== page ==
This season, ABC's Monday Night Football became the first live TV sports series to be fully closed-captioned for the hearing-impaired. Until now only supplementary information, such as downs and yards to go, was flashed on the screen. Now the deaf can invest in a small decoder box and read on the screen just about every word uttered during a telecast.
For the most part, the breakthrough has been well received, although "sometimes the commentary drives us crazy," says Muriel Strassler, 36, a Redskins fan from Cheverly, Md., who has been deaf since childhood. "But don't get me wrong," she continues, "captions add a new dimension. They provide more color and background, like injury reports and predictions. I never dreamed that football could be so multidimensional."
The hearing-impaired can feel isolated. One deaf TV viewer described the affliction as a glass wall that separates him from the rest of the world, adding that closed-captioned television is a major step toward penetrating it.
With captioning, people who can't listen to a TV program can read it instead. All they need is the decoder box, which is hooked into the set. The box picks up an electronic signal that beams the captions onto the screen—like watching a foreign film with English subtitles.
Captioning is the result of a cooperative effort by the networks, primarily ABC and PBS. It made its debut in March of 1980 and at first only prerecorded shows could be accommodated. The National Captioning Institute, a Washington-based nonprofit organization, needed several days to read over the script, type and fit the captions and then place them on the program videotape.
It wasn't until 1982 that ABC developed the technology to caption a live program, the Academy Awards. Six months later, with funds from the Department of Education, ABC began captioning World News Tonight.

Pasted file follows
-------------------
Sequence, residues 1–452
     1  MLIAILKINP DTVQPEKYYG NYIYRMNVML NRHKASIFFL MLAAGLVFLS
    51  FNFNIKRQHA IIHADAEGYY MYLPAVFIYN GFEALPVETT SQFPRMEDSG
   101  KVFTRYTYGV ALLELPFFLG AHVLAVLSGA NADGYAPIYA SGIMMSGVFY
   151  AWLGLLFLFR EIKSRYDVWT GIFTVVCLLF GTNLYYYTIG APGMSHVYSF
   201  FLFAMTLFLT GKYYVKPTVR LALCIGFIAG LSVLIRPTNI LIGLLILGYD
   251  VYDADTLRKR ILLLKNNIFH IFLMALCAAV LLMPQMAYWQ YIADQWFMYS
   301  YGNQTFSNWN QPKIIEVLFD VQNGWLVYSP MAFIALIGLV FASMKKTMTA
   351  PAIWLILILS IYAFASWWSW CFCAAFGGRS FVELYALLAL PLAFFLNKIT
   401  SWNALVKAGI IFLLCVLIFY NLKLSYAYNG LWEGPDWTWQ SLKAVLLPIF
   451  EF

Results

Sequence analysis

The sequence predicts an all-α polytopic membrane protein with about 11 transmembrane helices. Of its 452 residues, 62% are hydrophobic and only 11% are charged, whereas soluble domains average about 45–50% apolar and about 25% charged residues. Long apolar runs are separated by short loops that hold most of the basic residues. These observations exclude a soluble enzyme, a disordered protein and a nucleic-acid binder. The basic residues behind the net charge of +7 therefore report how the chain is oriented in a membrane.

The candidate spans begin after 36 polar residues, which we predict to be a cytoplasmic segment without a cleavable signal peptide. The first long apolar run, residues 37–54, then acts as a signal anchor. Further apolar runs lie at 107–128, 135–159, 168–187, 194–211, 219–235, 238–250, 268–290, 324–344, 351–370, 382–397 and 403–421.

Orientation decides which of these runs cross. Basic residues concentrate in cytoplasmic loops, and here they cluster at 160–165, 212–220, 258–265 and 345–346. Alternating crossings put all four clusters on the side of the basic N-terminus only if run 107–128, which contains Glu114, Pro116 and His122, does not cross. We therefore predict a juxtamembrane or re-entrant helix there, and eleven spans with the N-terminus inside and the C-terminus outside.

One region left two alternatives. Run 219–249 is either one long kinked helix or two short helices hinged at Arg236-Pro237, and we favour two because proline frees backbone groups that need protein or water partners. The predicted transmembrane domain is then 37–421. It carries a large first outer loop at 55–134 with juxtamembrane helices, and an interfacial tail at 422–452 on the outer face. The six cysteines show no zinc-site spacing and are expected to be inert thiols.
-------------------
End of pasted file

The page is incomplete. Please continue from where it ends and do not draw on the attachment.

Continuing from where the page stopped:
This is how it works. Speed typists in Falls Church, Va. listen to the telecast and produce the captions at about 250 words per minute. Four seconds later they appear on-screen. The speed of this process is largely the result of stenotype machines, the kind used by court reporters. Instead of spelling out each word, the captioner strokes them out phonetically in a form of shorthand. Then a computer connected to the stenotype translates the strokes back into the printed word. These are sent, via phone lines, to the ABC control room in New York City, where they are added to the network signal and transmitted across the country.
The number of televised captioned hours, including cable, has increased eightfold since 1980. CBS broadcasts eight hours, NBC nine and PBS 22. But ABC is the overwhelming leader with 42 hours a week, including its entire prime-time schedule and events such as last year's political conventions and Olympics, and this year's Super Bowl and World Series.
The 21 football telecasts present unique problems to the captioners. Says Darlene Leasure, who handles football, "When I was programming my computer at the beginning of the season, I found 13 Darrels with seven different spellings in the NFL. It's tough keeping all those Darrels straight."
A more immediate problem is the positioning of the caption on the screen. For the news, a roll-up caption is used. However, if the same technique were employed for a football game, the caption would cover up part of the playing field. Thus the pop-up caption was developed, allowing the print to be moved to the least intrusive corner of the screen. Because viewers usually can't see who is talking during a football telecast, the speakers are also identified in the caption.
The demand for this service continues to grow—almost 100,000 homes own decoders—but that's nothing compared to the potential audience of an estimated 16 million hearing-impaired people in the U.S. One problem is the cost of the box, about $200. Also, many people are reluctant to admit that they need such help.
For the networks the problem is sponsorship. Money is the only thing limiting the number of programs captioned. The Department of Education spends roughly $1.7 million to caption news programs. American Express donated $30,000 to caption the L.A. Olympics. Chrysler and ABC pick up the tab for Monday Night Football.
The man most responsible for ABC's dedication to closed captioning is Julius Barnatham, president of Broadcast Operations and Engineering. Barnatham helped launch captioning in the early '70s after company chairman Leonard Goldenson had urged the TV industry to use its technological know-how to help the handicapped. Since then he has been tirelessly trying to bring about increased network captioning so that one day the glass wall may indeed be shattered.
Lisa Twyman is a former SI reporter who now works on the magazine's business side.